Reagan dusts off olive branch in shift of 'declaratory' policy toward Soviets
The past week has been made unusually interesting by what appears to be an abrupt reversal in the attitude of the Reagan administration toward the Soviet Union.
The change was framed in a formal presidential speech in the East Room at the White House before a selected audience. It was broadcast over radio and television to both a national and worldwide audience. It was made a ''big thing.''
In the speech, President Reagan declared that his policy toward the Soviets is one of, ''Credible deterrence, peaceful competition, and constructive cooperation.''
The Reagan words were followed one day later by a speech by his secretary of state, George Shultz, at the opening session in Stockholm of the East-West conference on security in Europe. Mr. Shultz repeated the Reagan theme. He said, ''We are ready for negotiation.'' He said the United States wants ''a more stable, consistent, and constructive East-West relationship.''
The President proposed that, as a means to ''constructive cooperation,'' the US and the USSR ''make a major effort to see if we can make progress in three broad problem areas.'' He identified the three areas as being ''to reduce the risk of US-Soviet confrontation,'' ''to reduce the vast stockpiles of armaments in the world,'' and to seek ''a better working relationship.'' That same working relationship was apparently strengthened by the five-hour meeting in Stockholm between Mr. Shultz and Soviet Foreign Minister Andrei Gromyko.
In other words, the week was marked by a carefully orchestrated and heavily underlined switch in declaratory US policy at the beginning of the presidential election year and 13 days before Mr. Reagan has promised to announce his intention to run or not to run again for office. Thus, if he runs, he will run waving an olive branch.
This is sad news for Mr. Reagan's rivals from the opposition Democratic Party. They had been geared to attack him as a man of war. They expected to find him most vulnerable on that issue. At a mass debate of all eight current Democratic candidates on the day before the Reagan speech, the stress was on the alleged war dangers that Mr. Reagan, according to the Democrats, had unleased by his weapons-building and his use of such weapons in his foreign policy.
But what does it mean to the outside world in general and to the Soviets in particular?
Mr. Shultz cast light on one corner of the areas of strain in US-Soviet relations. He declared that the US ''does not recognize the legitimacy of the artificially imposed division of Europe.'' But in a briefing with reporters he denied that he was questioning the sovereignty or boundaries of the countries of Eastern Europe.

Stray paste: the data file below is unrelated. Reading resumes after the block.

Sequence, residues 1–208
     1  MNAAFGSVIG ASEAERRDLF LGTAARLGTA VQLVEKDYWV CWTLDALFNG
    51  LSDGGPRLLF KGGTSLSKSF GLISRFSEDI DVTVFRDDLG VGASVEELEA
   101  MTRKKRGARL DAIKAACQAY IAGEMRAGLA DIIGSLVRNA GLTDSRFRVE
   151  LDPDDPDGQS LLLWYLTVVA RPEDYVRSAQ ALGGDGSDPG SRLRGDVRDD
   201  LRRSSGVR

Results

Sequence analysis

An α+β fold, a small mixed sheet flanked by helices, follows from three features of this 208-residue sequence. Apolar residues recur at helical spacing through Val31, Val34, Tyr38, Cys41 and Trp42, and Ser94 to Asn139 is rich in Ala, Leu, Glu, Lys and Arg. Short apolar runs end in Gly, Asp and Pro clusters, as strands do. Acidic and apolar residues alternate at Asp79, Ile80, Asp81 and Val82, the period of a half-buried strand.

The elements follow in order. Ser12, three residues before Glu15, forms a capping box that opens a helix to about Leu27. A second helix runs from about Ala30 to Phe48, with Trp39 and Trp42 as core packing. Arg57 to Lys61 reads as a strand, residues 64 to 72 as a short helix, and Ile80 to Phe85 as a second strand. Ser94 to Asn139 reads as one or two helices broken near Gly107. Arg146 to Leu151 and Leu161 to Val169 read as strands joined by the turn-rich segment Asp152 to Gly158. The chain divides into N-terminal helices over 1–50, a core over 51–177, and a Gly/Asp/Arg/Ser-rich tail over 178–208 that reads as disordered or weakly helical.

So, Washington does not like the Iron Curtain but is not going to do anything positive to bring it down. And that leads to the old question, ''So what's new?''
There is often a gap between declaratory and operating policy. The new Washington posture, with olive branch raised high, is the reverse of the old posture with Mr. Reagan accusing the Soviets of being the world's ''focus of evil.'' This is an invitation to talk. The old posture was one of defiance and hostility.
But the old Reagan administration policy toward the Soviets was not so hard in practice as it was in precept. Mr. Reagan early on canceled the grain embargo his predecessor, Jimmy Carter, had imposed on the Soviets. And Reagan's lieutenants sought, and got, a Soviet commitment to buy even more US grain.
In other matters more important to the Soviets, the Reagan administration has been cautious. Weapons have found their way to the Afghan resistance, but the US has not allowed itself to be seen in the actual delivery.
The Reagan administration gave rhetorical sympathy to the Solidarity movement in Poland, but no weapons, and no encouragement to civil war.
Reagan denounced the Soviet shooting down of the Korean airliner, but he did not impose sanctions.
Reagan in his speech this week mentioned the Middle East and ''the sophisticated weapons'' the Soviets have introduced there as being something that ought not to have been done. But US planes and warships off the coast of Lebanon have refrained from shooting inside Syria, where the new Soviet weapons and Soviet gunners are located.
The hardest thing the Reagan administration has tried to do to the Soviets was the 1983 effort to block completion of the natural gas pipeline from Siberia to Western Europe. But that one really ''hard'' project was vetoed by the NATO allies in Western Europe.
John Foster Dulles used to preach ''roll back'' of the Iron Curtain. But he practiced careful ''containment.''
Until this past week, President Reagan sounded like a second generation ''cold warrior.'' But his actual policy toward the Soviets has been much like the cautious ''containment'' Mr. Dulles practiced.
Hence, today's ''new policy'' just might lead to a fresh dialogue between Moscow and Washington. But startling new developments of real substance, leading to a revival of ''detente,'' are not to be expected tomorrow, next week, or next month.